Three of these same books mentioned above published in Mar 1989 (excluding Hari Om Tatsat) also featured short lists of upcoming publications. For the sake of this discussion, this has been interpreted / estimated to mean approx Mar - Apr of 1989. Three of them were indeed published in Mar, so "soon" likely did mean fairly soon. Only Chal Hansa's list is reproduced here, as it includes the other three, Bahutere, Mahavinash and Hari Om. (FWIW, Bahutere includes Mahavinash and Hari Om, while Mahavinash has only Hari Om and the other five left after it drops out, so there you have the exact order in which they were published, if it matters.)

Books marked with ** in this small collection are among those with subtitles, in fact seven of the eight are in that lot, with only Hari Om not among them. Hari Om is again a translation, so it fits the pattern observed above for the recent pubs of Mar 1989. Underlined titles (four out of the eight) are among Shailendra's special ten pointing to Osho's message. Note that none of those were in the "recent pubs" list, ie all were printed Mar 1989 or later.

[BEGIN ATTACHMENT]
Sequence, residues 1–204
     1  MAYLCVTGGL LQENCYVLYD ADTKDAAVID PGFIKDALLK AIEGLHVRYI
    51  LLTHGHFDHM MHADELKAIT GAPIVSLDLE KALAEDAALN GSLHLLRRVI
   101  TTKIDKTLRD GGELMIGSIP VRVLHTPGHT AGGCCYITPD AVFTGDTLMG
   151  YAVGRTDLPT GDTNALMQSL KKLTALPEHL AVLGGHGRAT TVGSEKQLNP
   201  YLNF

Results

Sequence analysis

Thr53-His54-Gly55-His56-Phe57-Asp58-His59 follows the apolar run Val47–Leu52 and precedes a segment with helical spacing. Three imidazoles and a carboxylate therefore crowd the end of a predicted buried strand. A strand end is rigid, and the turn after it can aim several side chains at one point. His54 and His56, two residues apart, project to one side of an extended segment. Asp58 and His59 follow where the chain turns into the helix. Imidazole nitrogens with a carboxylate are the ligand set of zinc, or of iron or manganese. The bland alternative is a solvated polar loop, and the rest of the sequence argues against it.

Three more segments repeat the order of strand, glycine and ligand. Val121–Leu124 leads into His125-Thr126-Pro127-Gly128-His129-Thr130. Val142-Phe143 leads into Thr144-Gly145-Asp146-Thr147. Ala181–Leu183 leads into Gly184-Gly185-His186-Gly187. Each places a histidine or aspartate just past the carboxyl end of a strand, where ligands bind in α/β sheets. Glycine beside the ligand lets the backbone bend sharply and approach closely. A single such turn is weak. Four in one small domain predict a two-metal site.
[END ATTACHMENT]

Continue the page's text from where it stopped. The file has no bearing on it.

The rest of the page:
(from Chal Hansa Us Des**:)
आगामी प्रकाशन (upcoming pubs)
कृष्ण-स्मृति (कृष्ण: मेरी दृष्टि में) (Krishna Smriti (Krishna: Meri Drishti Mein))**
शिक्षा में क्रांति (Shiksha Mein Kranti)**
सहज समाधी भली (Sahaj Samadhi Bhali)**
समाधि के सप्त द्वार (Samadhi Ke Sapt Dwar)**
हरी ॐ तत्सत् (Hari Om Tatsat)
ध्यान-सूत्र (Dhyan Sutra)**
बहुतेरे हैं घाट (Bahutere Hain Ghat)**
महावीर या महाविनाश (Mahaveer Ya Mahavinash)**

And note that the extra-long title of Krishna Smriti includes an alternate title, not a subtitle, but that alternate title was included in the published list.

"Urgency" survey, usage after Sep 1988

This survey will go into some detail, since the more is learned of Osho's usage of this word, the more can be seen how unusual and striking the pattern is from Sep 16 1988 to Apr 10 1989.

The basic theme Osho is sounding with "urgency" is our and his impermanence, the main implication in the contexts he uses it being that we "should" be making reaching our center our most important priority, since this opportunity will sooner or later disappear. Some totality and intensity of effort and/or longing is needed if we are not to miss out. If we put it off, it will not happen.